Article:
City charter review should be apolitical

Kai Hagen

October 10, 2004

All too often, in matters monumental and miniscule, the injection of politics can turn almost any public discussion into a three-ring circus.

And so it has been recently with the lively debate about a few lines in the Frederick city charter regarding the residency requirement for mayor, and by extension, all candidates for the job.

From Article III ("The Mayor"), Section 26 ("Qualifications"): "The mayor must have been a legal resident of Frederick for at least three (3) years immediately preceding his election and shall have and maintain his principal place of residence or domicile, as defined by Maryland law, as amended from time to time, in the City of Frederick during his term and must be a qualified registered voter of the city."

Simple enough. It's pretty clear. It's been on the books for some time, all the while in quiet and uncontentious obscurity.

But all of the sudden it's a political hot potato, the subject of many recent newspaper articles, editorials, columns and letters to the editor, as well as local radio and cable television debates. And many elected officials within and beyond the City of Frederick have been weighing in with such strongly worded opinions, you have to wonder why we hadn't heard much about it sooner.

It's no surprise if a lot of folks are confused, or skeptical.

After all, remove the politics, and what you have is a basic requirement that's been the law for more than a century. Of course, times change. The city has changed. Perhaps the requirement should be changed. At the very least, it seems obvious it needs to be revisited, discussed and debated.

Add the politics of the moment to the process, however, and the result is a anything but a thoughtful and civil public exploration about what's best for the City of Frederick, or how the current law or any changes conform to the Maryland Constitution.

It's been said those who like sausage and respect the law should never see either made. That must be especially so when the latter process is made part and parcel of a political campaign. And that's where we are now. Any debate about this matter now will be hopelessly contorted and contaminated by the personal and political interests of the prominent players.

It may well be that Mayor Jennifer Dougherty believes keeping the current requirement is the right thing to do for Frederick. Alderman Donna Ramsburg may really think increasing it to five years is best for the city. It's just as likely Alderman David Lenhart honestly thinks it isn't. State Sen. Alex Mooney might advocate reducing the requirement to one year even if he doesn't have a horse in the race. And so on.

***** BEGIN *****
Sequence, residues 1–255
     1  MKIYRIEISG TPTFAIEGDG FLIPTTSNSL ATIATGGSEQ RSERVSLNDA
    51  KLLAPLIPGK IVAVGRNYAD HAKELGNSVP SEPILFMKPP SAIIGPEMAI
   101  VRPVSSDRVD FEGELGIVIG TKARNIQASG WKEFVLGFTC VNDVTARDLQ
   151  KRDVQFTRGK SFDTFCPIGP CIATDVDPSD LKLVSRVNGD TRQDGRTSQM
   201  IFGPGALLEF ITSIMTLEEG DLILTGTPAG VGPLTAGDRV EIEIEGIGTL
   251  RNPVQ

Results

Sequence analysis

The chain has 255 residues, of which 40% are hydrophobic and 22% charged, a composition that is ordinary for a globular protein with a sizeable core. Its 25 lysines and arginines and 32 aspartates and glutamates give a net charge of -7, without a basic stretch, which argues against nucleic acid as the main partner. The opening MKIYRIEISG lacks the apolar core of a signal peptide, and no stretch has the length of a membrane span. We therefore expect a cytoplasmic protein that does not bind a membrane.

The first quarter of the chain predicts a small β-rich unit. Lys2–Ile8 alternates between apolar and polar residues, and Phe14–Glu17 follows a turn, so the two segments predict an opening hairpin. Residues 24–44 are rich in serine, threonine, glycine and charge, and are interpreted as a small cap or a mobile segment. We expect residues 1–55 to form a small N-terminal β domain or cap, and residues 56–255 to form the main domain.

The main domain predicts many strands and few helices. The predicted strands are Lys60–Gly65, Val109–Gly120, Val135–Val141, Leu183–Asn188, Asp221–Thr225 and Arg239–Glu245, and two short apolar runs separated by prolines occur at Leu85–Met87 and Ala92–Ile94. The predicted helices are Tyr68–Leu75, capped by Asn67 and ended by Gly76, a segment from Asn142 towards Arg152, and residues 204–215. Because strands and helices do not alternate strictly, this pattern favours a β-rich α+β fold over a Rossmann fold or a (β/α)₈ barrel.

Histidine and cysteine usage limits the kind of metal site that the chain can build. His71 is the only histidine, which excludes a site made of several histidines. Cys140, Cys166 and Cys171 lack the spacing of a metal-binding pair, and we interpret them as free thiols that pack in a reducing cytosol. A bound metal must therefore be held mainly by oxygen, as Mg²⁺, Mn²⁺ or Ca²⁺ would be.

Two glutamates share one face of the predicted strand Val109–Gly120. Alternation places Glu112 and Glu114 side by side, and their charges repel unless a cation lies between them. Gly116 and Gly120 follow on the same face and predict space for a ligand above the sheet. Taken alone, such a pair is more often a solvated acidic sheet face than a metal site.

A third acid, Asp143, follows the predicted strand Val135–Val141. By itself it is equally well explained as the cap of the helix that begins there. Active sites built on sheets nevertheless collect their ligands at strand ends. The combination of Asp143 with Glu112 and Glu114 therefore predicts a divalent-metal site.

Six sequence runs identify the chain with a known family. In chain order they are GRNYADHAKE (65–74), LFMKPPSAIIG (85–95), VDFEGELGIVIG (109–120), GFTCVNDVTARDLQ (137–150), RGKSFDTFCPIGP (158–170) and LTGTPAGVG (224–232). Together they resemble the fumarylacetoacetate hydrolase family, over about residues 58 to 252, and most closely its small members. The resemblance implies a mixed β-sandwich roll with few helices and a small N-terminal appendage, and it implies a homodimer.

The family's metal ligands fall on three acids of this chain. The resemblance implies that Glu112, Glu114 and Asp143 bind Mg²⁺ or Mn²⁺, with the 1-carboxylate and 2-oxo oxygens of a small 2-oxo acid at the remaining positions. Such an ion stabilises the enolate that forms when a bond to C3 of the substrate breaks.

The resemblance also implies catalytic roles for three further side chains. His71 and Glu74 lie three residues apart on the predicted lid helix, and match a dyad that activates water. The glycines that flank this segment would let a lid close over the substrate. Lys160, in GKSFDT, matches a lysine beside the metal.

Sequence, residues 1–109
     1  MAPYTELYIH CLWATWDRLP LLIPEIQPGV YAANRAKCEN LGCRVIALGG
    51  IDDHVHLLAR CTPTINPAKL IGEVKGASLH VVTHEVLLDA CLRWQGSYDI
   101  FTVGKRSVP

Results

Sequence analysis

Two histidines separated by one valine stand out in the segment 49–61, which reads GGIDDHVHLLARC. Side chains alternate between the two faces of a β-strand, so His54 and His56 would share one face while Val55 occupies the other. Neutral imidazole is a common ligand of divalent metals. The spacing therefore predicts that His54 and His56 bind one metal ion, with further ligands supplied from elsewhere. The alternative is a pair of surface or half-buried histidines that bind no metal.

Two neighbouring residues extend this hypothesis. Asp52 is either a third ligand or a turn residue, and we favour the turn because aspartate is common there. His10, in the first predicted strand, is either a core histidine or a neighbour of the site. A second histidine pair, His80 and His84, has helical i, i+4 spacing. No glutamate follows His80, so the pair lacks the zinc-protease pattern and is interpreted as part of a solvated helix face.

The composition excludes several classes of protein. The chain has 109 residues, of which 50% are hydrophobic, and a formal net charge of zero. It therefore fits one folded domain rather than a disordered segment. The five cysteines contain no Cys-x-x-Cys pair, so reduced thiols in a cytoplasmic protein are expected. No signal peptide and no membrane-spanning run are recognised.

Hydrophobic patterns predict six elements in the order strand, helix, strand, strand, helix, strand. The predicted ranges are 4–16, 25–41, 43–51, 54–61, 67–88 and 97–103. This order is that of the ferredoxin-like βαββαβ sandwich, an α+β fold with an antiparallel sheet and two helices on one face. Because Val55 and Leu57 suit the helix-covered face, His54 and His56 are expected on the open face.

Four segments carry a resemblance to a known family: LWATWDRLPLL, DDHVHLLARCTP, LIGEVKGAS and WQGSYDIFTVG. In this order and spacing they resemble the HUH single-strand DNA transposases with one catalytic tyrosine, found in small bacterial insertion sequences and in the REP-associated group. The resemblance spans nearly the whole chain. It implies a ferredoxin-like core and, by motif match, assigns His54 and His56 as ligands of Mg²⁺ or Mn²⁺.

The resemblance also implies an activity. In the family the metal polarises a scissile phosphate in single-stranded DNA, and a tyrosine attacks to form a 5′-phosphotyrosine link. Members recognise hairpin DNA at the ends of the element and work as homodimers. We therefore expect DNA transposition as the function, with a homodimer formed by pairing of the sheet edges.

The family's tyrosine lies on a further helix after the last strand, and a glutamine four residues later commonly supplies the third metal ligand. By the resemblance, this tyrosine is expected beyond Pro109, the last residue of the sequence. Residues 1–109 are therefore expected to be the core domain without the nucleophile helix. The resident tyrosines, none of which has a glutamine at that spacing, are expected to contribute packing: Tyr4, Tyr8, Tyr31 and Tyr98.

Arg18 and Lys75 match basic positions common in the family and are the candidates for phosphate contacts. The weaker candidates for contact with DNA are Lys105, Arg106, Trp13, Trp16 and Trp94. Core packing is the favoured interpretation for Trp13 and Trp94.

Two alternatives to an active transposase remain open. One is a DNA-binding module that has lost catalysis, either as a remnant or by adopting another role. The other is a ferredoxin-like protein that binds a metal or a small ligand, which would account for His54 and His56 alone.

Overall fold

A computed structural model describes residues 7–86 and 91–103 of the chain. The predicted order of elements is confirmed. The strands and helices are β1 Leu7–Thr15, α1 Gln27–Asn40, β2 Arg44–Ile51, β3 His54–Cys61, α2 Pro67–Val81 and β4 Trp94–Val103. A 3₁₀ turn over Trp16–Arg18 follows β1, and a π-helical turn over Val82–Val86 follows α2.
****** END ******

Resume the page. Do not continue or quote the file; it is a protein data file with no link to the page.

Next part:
Who knows?

But the best way to find out, and engage a reasonable public discussion, and serve the residents and interests of the city, is to separate the politics from the process as much as possible. And that's not possible any time before the next election.

Even tabling the charter review process for the moment might not put an end to the controversy. A prospective candidate may mount a legal challenge, knowing that some challenges in other states have found anything more than a year to be too long. That possibility is all the more reason to slow things down, to wait, to be thorough.

To complicate matters further, though, the current provision seems to fly in the face of common sense when applied, for example, to the specific case of former Mayor Ron Young, who has been encouraged by some to run for his old job.

Whether you agree with the intent of the requirement or not, and whether you would support the former mayor or not, can you doubt the requirement was not written to apply to someone who has lived in the city for about 50 years, who already served as its mayor for 16 years, and who will have lived in the city, again, for 18 months come election day?

What could epitomize the definition of a technicality more than blocking Mr. Young from the ballot because he happened to live for a while in a home entirely surrounded by the city (except for a road in), but not in the city? Straining the application of the requirement even more is the fact that the former mayor moved his address to his mother's seven years ago, and has been voting in that city precinct ever since.

I don't know how all this is going to play out, of course. I only wish that everyone who cares enough to be involved would play the same way, in the interest of what is best for the city, no matter how they think it might tilt the field in their favor or not.

I'm won't hold my breath, though, because, as Will Rogers once said: "You can't legislate intelligence and common sense into people."

To get in touch, e-mail Kai Hagen at